Press TV – Turkish President Recep Tayyip Erdogan says his country is prepared to take over security in Syria’s northern town of Manbij where a deadly bomb attack killed several American soldiers last Wednesday.
Erdogan made the remarks in a phone conversation with US President Donald Trump on Sunday, according to a statement by the Turkish presidency.
Erdogan told Trump that the attack was a “provocation” aimed at affecting his last month’s decision to pull US troops out of Syria, the statement said.
Since the withdrawal announcement, Manbij has been a major bone of contention between Ankara and Washington over the fate of US-backed YPG fighters in the war-torn country.
Last month, the Syrian army entered the city, marking the return of territories held by YPG militants to the government for the first time in years.
The city had been held by YPG militia, which Turkey regards as an offshoot of the outlawed Kurdistan Workers’ Party (PKK).
Turkey had been sending the so-called Free Syrian Army (FSA) militants to Manbij in recent years, reportedly in preparation for an offensive to drive YPG fighters out of the city.
The White House also confirmed the phone talk, but did not specifically mention Erdogan’s comments about Manbij.
“The two leaders agreed to continue to pursue a negotiated solution for northeast Syria that achieves our respective security concerns. They also discussed their mutual interest in expanding the trade relationship between the United States and Turkey,” said White House spokeswoman Sarah Sanders.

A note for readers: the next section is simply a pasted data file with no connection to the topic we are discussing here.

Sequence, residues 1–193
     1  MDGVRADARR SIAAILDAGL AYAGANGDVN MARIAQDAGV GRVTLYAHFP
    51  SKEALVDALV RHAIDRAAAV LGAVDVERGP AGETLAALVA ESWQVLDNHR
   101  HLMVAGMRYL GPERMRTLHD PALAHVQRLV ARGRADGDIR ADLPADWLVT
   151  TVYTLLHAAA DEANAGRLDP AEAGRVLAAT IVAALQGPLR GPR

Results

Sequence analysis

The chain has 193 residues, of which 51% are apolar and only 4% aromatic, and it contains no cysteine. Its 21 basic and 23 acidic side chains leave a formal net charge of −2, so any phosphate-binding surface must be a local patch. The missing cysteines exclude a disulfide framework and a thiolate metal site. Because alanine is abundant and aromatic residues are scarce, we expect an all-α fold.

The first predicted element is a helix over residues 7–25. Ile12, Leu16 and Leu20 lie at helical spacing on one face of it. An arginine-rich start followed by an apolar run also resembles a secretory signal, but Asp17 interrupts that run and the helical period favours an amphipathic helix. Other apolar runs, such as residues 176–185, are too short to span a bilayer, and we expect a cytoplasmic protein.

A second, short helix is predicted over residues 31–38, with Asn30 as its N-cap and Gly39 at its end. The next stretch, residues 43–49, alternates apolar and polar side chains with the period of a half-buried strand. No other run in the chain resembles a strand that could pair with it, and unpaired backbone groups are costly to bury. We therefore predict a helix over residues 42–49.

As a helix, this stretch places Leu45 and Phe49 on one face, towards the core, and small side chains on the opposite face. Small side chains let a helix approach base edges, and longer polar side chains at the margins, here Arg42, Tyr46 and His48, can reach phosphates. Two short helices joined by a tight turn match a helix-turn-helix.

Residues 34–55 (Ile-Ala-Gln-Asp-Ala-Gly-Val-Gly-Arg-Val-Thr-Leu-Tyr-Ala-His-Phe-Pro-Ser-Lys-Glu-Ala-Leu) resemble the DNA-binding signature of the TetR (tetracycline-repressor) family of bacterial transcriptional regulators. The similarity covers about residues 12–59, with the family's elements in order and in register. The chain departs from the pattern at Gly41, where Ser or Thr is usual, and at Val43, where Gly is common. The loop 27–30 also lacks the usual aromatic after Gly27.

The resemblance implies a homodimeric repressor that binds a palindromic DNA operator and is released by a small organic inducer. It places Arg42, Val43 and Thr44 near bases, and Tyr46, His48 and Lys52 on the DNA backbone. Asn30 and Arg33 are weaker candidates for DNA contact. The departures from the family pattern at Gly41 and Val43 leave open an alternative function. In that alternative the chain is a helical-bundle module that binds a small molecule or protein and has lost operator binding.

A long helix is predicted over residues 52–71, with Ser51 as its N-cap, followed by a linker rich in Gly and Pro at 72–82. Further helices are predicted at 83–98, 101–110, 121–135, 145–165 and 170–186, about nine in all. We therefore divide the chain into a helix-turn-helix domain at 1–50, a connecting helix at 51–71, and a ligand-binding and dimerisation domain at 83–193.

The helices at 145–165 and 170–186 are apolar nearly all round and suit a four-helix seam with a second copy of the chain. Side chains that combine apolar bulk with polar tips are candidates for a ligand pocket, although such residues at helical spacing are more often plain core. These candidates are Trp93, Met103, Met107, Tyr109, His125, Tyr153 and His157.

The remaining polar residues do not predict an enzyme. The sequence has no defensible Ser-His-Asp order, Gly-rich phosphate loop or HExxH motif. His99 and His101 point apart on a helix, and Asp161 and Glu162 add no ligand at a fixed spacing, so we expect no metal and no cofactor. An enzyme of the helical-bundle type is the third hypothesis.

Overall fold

Erdogan and Trump also agreed to accelerate discussions between their chiefs of staff about establishing a safe zone in northeastern Syria, according to the Turkish presidency.
In another phone talk with the Turkish president last week, Trump proposed that a “security zone” be set up under Turkey’s control along the Syrian side of the two countries’ border, a proposition rejected by US-backed Kurdish militants and Russia.
The US has been arming and training Kurdish militants under the banner of helping them fight Daesh, but Syria and several other countries see ulterior motives behind the deployment.
On December 19, Trump claimed US troops had succeeded in their mission to defeat Daesh terrorists in Syria, announcing, he was bringing home some 2,000 American forces deployed there.
The announcement was followed by the resignation of Defense Secretary James Mattis and Brett McGurk, the US special envoy to the so-called anti-Daesh coalition in Syria and Iraq.
In his first television interview since resigning, McGurk said that “ISIS (Daesh) is not defeated,” and that the US had no plan for Syria.
“There’s no plan for what’s coming next,” he said in an interview with CBS’s “Face the Nation” on Sunday.
“Right now, we do not have a plan. It increases a vulnerability of our force… It is increasing the risk to our people on the ground in Syria and will open up space for ISIS.”